Swansea City AFC secured their Premiership status in late March and immediately authorised Ecosolve Ltd. to undertake major renovations of the Club's Llandarcy training facility as well as their newly acquired Football in the Community venue at Landore, close to the Liberty Stadium.
With Premiership status secured for 2012-13, Swansea City AFC's chairman, Mr. Huw Jenkins, swiftly began the process of planning for the season to come by instructing Bretton King's company to proceed with renovation work that had been drawn up after weeks of discussion with the Club and its head groundsman Mike Kayes about the playing surface demands for the new season.
The Llandarcy site had been suffering from the cumulative problems posed by Poa grass species that thrive in the Atlantic weather-induced climate surrounding the Neath Valley location for alarge proportion of the 2011-12 season, so its removal was vital. Bright and early on 2nd April the equipment swung into action and the 1.6 hectare site was Koro'd off within 36 hours.
This was quickly followed by the spreading of 300 tonnes of medium/coarse sports sand in preparation for a thorough amelioration process. This element of the operation was perhaps the most critical component because the native soil type was largely responsible for the proliferation of the meadow grasses that caused the issues of surface stability. The site was drained four years previously with laterals spaced at 10 metre centres, backfilled with 6 - 10mm gravel and a blinding layer above that, all of which worked very well when the water could reach these conduits. however, the local soil is a heavily silt contaminated one, which constantly challenged Mike Kayes when it came to retaining soil structure and natural percolation of that soil. Coupled to the problem of poor drainage rate was the contamination of the upper 150mm of soil with stone and rock of varying sizes, which caused damage to machinery and posed threat of injury to players - who were high value and worth millions of £'s. These factors meant that amelioration was vital and a report by independent consultant Alan Lewis highlighted the need to improve soil texture if drainage was to be improved.
Amelioration was carried out using a 3 metre KUHN HR3004 heavy duty power harrow, which incorporated the sand to create a consistent sand/soil mix to a depth. The inevitable stone and rock emerged in this process but this was anticipated - the use of a BLECavator stone burier was a consideration but the levels of the site were good, with correct levels of gradient and surface smoothness, so the use of the BLECavator was discounted. It was also vital to retain surface firmness and the rotovating action of the BLEC would have helped introduce a lot of air to the soil profile which would then lead to a greater degree of unmanaged settlement which could destroy surface levels. This had to be a considered factor because the site had a deadline of "Players back in training on the 1st July", so risk management had to be accounted for too.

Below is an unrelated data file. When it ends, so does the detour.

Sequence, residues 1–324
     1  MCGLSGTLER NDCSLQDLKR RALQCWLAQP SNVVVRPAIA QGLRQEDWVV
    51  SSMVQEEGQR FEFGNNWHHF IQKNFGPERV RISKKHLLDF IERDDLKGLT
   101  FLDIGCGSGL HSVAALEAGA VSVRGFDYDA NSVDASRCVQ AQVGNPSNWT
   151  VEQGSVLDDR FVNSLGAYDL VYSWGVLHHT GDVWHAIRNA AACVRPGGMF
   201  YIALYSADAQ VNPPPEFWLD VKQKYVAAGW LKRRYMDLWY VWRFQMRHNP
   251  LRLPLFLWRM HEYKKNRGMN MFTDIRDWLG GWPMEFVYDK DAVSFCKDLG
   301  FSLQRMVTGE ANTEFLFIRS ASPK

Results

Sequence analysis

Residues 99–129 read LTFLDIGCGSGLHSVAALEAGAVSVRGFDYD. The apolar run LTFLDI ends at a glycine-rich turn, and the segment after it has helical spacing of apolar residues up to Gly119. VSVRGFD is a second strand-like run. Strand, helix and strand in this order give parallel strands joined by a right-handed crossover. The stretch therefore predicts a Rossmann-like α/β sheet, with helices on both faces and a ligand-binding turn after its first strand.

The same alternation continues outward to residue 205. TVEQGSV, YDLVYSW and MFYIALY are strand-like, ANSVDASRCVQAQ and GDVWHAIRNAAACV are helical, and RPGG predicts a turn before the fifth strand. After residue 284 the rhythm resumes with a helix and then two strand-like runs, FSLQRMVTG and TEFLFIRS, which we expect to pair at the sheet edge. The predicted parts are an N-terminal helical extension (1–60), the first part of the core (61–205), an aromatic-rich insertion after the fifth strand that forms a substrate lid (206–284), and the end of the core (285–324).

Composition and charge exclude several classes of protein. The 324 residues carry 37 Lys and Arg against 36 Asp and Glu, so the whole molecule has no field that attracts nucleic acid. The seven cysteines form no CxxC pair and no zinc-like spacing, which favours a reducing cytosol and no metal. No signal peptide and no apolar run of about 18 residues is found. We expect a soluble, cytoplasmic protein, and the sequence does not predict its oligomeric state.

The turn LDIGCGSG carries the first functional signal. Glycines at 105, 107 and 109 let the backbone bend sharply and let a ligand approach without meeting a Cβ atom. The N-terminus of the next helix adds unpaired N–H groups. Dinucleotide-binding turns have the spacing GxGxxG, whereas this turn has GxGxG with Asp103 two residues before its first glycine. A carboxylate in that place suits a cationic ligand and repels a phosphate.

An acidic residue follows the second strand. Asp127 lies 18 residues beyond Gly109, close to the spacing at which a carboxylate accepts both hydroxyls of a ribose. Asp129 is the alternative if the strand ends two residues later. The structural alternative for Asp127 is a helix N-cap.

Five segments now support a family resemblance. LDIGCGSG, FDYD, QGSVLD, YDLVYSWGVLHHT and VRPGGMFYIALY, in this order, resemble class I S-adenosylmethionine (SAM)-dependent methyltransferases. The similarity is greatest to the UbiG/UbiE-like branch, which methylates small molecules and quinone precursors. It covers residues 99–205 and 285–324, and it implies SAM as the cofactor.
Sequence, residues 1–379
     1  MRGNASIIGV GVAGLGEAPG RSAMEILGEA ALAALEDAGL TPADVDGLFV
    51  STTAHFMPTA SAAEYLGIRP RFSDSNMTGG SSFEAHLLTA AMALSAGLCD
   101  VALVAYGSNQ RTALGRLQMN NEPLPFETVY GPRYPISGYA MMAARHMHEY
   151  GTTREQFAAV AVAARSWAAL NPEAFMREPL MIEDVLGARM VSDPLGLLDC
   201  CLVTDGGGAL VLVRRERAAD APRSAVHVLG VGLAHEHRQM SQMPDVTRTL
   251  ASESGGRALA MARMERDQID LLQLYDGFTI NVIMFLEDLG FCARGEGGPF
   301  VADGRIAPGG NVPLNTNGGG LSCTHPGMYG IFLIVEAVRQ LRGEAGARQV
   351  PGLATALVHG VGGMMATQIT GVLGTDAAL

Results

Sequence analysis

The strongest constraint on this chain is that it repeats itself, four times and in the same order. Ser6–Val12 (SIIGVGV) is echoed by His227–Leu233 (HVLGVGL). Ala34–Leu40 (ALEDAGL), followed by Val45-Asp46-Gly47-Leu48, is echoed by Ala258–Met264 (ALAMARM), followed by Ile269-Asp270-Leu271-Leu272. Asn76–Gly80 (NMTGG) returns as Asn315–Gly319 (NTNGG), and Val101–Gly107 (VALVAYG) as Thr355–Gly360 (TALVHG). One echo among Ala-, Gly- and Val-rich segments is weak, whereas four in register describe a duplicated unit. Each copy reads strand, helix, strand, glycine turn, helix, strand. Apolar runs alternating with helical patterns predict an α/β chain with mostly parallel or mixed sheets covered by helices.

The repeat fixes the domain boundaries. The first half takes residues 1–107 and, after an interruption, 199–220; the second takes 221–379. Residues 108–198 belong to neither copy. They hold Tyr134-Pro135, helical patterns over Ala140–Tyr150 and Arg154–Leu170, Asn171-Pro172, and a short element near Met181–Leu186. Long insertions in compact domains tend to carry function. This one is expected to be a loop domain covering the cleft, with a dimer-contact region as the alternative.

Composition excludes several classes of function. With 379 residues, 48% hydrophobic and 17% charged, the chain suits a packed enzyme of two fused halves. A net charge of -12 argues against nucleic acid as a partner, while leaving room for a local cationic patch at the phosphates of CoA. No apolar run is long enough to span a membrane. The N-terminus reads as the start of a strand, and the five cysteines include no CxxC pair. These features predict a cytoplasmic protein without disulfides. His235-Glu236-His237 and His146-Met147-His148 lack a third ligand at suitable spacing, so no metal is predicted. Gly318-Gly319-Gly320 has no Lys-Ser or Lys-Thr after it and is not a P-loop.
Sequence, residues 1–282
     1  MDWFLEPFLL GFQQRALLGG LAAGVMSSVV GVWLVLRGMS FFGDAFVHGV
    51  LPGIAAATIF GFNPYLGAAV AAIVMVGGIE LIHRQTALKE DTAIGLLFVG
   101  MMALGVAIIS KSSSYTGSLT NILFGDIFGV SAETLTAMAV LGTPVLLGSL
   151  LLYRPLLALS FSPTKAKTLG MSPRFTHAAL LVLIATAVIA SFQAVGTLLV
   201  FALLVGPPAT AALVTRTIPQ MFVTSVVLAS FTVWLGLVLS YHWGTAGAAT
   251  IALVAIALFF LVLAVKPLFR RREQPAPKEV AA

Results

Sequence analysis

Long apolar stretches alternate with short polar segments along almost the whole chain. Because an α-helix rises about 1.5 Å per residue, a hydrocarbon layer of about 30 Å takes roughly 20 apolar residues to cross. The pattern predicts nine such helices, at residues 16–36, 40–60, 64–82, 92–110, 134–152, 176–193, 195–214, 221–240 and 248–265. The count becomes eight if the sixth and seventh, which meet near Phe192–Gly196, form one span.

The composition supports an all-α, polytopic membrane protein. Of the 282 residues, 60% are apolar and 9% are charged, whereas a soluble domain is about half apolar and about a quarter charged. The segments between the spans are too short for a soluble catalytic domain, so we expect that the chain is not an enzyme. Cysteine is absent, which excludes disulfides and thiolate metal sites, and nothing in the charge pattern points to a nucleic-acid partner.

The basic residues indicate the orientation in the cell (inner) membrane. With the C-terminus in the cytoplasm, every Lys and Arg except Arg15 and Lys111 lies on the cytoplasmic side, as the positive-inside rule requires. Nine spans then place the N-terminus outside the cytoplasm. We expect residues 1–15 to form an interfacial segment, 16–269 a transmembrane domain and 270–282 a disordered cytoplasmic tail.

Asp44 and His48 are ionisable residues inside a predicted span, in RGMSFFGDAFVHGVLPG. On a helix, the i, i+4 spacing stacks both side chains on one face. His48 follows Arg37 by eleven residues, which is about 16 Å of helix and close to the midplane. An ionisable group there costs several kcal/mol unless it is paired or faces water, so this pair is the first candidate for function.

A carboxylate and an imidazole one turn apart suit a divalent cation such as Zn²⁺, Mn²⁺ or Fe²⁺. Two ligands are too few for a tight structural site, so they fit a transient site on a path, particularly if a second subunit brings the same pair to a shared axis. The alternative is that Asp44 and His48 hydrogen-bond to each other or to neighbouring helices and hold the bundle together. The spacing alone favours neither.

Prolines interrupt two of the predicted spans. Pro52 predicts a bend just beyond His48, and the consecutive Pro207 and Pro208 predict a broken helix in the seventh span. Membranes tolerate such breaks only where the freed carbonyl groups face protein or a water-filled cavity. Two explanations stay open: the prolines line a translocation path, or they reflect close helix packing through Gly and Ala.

Once amelioration had been completed, a BLEC SR8 stone rake was used to de-stone the site, as well as manual stone picking (which on its own resulted in over 3 tonnes of stone and rock being removed). Following this operation a John Deere 4600 on floatation Galaxy tyres and fitted with a BLEC T6 Harley Power Rake graded and firmed the site in preparation for re-seeding. Further stone removal was done and finally on 13th April the same John Deere 4600 seeded the site using a Vredo Compact 218.075 disc drill, performing four passes across the site so that an overall seeding rate of 65 grammes per square metre was achieved. Barenbrug BAR 7 grass seed wa scarefully selected for the site as it had performed well in the preceding 3 seasons when used in the over-seeding programme, and it's characteristics were proven to work and shine through on those ocassions so its selection was preferred. The use of a disc drill might be viewed by some as a strange choice and that a Turfmaker initial seeder would be better - this was the primary option, but discounted once weather patterns for mid-April were considered, and the decision has proven to be a wise one.
The notoriously wet weather - so often seen in this area - returned with avengeance in mid April and the anticipated seed-wash was considered too high a risk if a Turfmaker had been used. The Vredo placed the seed 12mm into the soil and upon emergence in w/c 16th April, some very minor seed-wash was seen. By Friday 27th April, torrential rain had been experienced for a week, and yet seed is now well established with the four different drill directions clearly visible. A further over-seeding will follow in June, but in the meantime, Swansea City are well on track with their new surface at Llandarcy.